‘Mindful’ Bear Aims to Teach Kids About Healthy Eating

Jerry the Bear, a $99 interactive toy, teaches kids about mindfulness and nutrition.  (Sproutel)

For Caylin Proffitt, who was diagnosed with Type 1 diabetes at the age of five, healthy food choices aren't really -- well -- a matter of choice. But it's not just children with diabetes who should avoid too many sugary treats.

Several years ago, Caylin's mother Kristina learned about an interactive toy bear called "Jerry." Children can keep Jerry in "optimal health" by tracking his pretend blood sugar levels and feeding him healthy food cards, which can be swiped across the bear's mouth.

Caylin Proffitt with Jerry, her 'smart' bear and dietary consultant.
Caylin Proffitt with Jerry, her 'smart' bear and dietary consultant. (Kristina Proffitt )

This week, Sproutel, the company behind Jerry the Bear, released a version of the toy targeted to all children ages five to nine. While the original bear aimed to help kids with diabetes, the new bear is focused on general wellness, nutrition and "mindful" eating. It's also more mindful of family budgets, priced at $99, down from the original $300.

Parents of children with diabetes or food allergies can buy a special version for for $149, and access additional props, like an insulin pen or epinephrine pen. The new bear comes with animated story books, which provide further education to kids about nutrition and general health.

"Carb counting and being mindful about their eating is difficult for kids," said Kristina Proffitt, who lives near Nashville, Tenn. "But I remember my daughter giving Jerry a healthy lunch, and then deciding she would have something similar."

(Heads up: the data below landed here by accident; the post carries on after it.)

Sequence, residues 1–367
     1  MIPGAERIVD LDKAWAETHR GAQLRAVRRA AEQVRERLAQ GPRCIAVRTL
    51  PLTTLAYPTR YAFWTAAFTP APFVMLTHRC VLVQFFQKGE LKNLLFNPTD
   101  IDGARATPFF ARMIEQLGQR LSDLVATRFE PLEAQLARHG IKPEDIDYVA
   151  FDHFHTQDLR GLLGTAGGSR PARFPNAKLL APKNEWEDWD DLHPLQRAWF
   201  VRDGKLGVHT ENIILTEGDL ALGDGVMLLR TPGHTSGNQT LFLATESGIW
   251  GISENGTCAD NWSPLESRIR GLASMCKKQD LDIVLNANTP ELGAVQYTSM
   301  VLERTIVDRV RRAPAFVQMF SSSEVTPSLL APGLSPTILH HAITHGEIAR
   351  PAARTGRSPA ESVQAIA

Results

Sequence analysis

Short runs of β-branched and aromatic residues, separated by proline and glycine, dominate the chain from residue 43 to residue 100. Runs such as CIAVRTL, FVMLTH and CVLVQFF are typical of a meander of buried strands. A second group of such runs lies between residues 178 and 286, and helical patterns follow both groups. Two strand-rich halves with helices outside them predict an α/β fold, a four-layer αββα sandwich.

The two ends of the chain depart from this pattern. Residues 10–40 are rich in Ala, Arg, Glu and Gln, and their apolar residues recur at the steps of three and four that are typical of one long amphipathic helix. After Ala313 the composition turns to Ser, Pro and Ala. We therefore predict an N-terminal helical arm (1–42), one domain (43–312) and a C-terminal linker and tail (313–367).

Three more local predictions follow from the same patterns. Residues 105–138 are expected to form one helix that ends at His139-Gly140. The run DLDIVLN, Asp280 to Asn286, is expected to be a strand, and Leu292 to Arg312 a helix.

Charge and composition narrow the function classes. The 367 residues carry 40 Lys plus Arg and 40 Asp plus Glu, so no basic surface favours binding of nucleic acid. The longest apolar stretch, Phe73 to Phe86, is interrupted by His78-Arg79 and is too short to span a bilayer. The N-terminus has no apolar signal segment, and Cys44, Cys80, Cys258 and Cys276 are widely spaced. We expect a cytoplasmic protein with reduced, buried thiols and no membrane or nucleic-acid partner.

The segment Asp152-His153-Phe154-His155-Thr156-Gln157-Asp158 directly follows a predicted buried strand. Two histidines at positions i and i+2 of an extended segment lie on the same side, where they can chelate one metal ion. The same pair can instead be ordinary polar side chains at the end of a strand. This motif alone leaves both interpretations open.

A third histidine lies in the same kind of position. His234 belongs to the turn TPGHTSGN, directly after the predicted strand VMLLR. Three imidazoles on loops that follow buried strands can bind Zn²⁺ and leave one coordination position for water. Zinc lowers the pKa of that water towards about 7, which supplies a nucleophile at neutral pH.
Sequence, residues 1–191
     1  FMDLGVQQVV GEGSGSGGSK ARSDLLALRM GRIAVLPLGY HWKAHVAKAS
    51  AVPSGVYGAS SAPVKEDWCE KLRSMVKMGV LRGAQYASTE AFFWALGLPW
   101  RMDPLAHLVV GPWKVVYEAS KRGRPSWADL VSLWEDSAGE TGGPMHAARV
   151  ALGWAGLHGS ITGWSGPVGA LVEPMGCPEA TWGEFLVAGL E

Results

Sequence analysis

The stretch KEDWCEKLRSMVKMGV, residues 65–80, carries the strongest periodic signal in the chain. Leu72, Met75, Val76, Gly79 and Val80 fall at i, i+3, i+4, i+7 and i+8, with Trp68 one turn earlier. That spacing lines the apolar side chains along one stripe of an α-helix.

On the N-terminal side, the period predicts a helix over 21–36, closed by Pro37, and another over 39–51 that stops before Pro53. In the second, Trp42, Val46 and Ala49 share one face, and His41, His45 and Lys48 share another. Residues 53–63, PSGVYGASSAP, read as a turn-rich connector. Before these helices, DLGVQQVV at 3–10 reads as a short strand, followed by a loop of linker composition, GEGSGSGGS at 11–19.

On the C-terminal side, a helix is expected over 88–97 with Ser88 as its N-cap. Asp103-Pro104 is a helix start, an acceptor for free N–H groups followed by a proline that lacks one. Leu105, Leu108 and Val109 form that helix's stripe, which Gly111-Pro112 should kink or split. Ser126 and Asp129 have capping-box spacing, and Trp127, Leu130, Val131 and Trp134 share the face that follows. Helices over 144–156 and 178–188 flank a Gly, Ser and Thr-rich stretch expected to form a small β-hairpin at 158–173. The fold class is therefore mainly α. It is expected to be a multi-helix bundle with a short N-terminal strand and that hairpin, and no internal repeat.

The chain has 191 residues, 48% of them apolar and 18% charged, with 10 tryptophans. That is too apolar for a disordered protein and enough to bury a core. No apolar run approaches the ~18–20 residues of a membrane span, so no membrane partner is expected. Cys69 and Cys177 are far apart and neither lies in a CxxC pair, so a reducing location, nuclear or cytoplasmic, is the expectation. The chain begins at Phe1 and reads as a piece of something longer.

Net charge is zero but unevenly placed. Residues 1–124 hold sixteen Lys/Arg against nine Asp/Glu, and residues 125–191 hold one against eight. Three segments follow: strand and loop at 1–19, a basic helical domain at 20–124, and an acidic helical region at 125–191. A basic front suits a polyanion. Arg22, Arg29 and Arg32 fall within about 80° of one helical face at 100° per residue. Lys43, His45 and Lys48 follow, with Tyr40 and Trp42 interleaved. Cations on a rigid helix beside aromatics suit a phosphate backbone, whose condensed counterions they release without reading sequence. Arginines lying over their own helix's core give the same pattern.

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It remains to be seen whether the bear will appeal to children who have not been diagnosed with diabetes. Sproutel's founder and CEO Aaron Horowitz says the company uses research from the fields of gaming and behavioral science to change children's behavior in a fun and engaging way.

Moreover, studies have shown that teddy bears can relieve anxiety for children, particularly those who are chronically sick and hospitalized. Sproutel's team plans to build on this research with a $150,000 grant from the National Institutes of Health. The team will use the money to conduct a small pilot study to determine whether Jerry the Bear can reduce stress in the home.

"We've seen all kinds of studies where kids with diabetes can better manage their own disease by taking care of pets or toys," said Michael Chae, executive director of the Bay Area branch of the American Diabetes Association. "Really, we see benefits in any new, digital methods that can make it less onerous for children."

So far Jerry has found a home with about 500 families. That's about four percent of children who were diagnosed with diabetes last year. Horowitz says early data shows that kids are using Jerry the Bear for an average of one hour per week, which he takes as an indication that they are engaging with the toy.

The Providence, RI-based team behind Jerry the Bear.
The Providence, RI-based team behind Jerry the Bear. (Sproutel )

Horowitz came up with the idea for Jerry the Bear with his friend and co-founder, Hannah Chung, when he was an undergraduate at Northwestern University.

As a child, Horowitz suffered from a medical condition called Growth Hormone Deficiency, which required regular injections. He saw a need for "smart" toys that could help future generations of children manage chronic illnesses, including diabetes.

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"We noticed in our early research with children with diabetes that they treated their teddy bears as if they had the disease," he said. "They were role-playing everything they couldn't quite bear to do with their own bodies. That was what kicked us off."

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